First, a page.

Two-thirds of Australia’s Great Barrier Reef has recorded the greatest coral cover in nearly four decades, a development hailed around the world but which should not obscure the reef’s vulnerability to climate change and mass bleaching.
In the central and northern regions, hard coral cover has reached 33% and 36% respectively this year, the highest levels recorded in the past 36 years of monitoring, the Australian Institute of Science said this week. marines, a government agency.
Yet hard coral cover on the southern reefs has fallen to 34% this year from 38% the previous year.
The Great Barrier Reef, rich in wildlife and popular with tourists, has suffered widespread and severe bleaching due to rising ocean temperatures. The reef was heavily damaged in 2016 and 2017 by underwater heat waves made worse by climate change.
The reef provides $6.4 billion a year to the economies of Queensland and Australia and supports 64,000 jobs in fishing, tourism and more, according to the Great Barrier Reef Foundation. The Australian government has spent on its restoration.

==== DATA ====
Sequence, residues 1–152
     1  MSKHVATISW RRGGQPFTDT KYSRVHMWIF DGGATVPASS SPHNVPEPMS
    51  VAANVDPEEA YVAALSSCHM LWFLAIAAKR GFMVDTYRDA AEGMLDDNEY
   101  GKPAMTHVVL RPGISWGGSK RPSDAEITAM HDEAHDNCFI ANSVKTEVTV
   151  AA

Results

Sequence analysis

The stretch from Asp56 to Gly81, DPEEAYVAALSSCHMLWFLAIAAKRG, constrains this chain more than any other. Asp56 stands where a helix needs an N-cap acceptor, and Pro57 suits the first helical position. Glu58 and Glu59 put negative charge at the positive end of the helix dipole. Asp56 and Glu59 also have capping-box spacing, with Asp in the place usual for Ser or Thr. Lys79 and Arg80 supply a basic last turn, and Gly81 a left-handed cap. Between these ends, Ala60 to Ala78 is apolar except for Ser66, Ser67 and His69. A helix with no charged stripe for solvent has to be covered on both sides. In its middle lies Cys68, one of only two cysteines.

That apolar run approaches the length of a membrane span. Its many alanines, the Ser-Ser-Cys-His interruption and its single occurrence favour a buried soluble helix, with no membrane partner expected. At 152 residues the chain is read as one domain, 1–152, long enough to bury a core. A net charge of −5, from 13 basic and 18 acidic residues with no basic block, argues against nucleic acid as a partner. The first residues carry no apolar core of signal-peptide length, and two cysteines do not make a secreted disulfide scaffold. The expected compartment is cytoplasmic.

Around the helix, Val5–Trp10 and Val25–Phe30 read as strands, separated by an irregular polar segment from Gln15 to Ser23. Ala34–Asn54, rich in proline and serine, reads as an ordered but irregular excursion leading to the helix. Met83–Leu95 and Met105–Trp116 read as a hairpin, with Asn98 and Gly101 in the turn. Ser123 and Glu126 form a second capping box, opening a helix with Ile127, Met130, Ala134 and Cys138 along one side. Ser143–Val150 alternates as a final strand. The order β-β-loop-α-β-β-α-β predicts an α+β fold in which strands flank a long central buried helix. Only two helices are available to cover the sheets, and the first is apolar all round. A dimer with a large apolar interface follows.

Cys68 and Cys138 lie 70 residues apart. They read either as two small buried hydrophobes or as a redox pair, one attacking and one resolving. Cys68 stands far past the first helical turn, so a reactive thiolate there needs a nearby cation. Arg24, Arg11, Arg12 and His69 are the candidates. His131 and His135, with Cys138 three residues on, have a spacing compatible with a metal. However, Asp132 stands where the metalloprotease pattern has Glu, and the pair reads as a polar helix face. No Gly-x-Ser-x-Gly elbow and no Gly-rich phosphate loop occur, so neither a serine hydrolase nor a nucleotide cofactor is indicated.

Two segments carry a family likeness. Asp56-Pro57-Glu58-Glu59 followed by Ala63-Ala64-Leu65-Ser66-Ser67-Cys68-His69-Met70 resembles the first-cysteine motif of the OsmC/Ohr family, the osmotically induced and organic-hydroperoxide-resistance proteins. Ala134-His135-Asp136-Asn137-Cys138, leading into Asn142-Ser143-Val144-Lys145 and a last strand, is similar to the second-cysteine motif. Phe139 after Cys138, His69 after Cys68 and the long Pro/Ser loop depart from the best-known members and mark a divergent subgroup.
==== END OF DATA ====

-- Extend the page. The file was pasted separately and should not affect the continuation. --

The Great Barrier Reef, so vast it can be seen from space, is made up of 2,900 distinct reefs and 900 islands. It struggles to recover when there is not enough time between bleaching events.
“The reef is now experiencing widespread bleaching damage at the rate of more than once every two years,” Richard Leck, Oceans Australia manager for the World Wildlife Fund (WWF), said earlier this year.
“Coral bleaching is directly attributable to climate change caused by increasing global greenhouse gas emissions. Rapidly reducing Australia’s domestic and exported emissions this decade is the key solution within our control,” he said.
Paul Hardisty, CEO of the marine institute which published the findings this week, said the results in the northern and central regions were a sign that the reef could still recover, but the loss of coral cover in the southern region showed how dynamic the reef is. The heat disturbance, for example, has caused an outbreak of crown-of-thorns starfish.
Hardisty said the increase in the frequency of mass coral bleaching events was “uncharted territory” for the reef, with this year’s bleaching event being the fourth in seven years and the first to occur during a La Niña cooling.
Still, some social media responses Friday to the news argued that the data belies the idea that climate change won’t allow the Earth to regenerate.
UNESCO proposed last year to add the Great Barrier Reef to the list of World Heritage Sites in Danger. A meeting to discuss the future of the reef was due to be held in Russia in June, but was canceled after the invasion of Ukraine.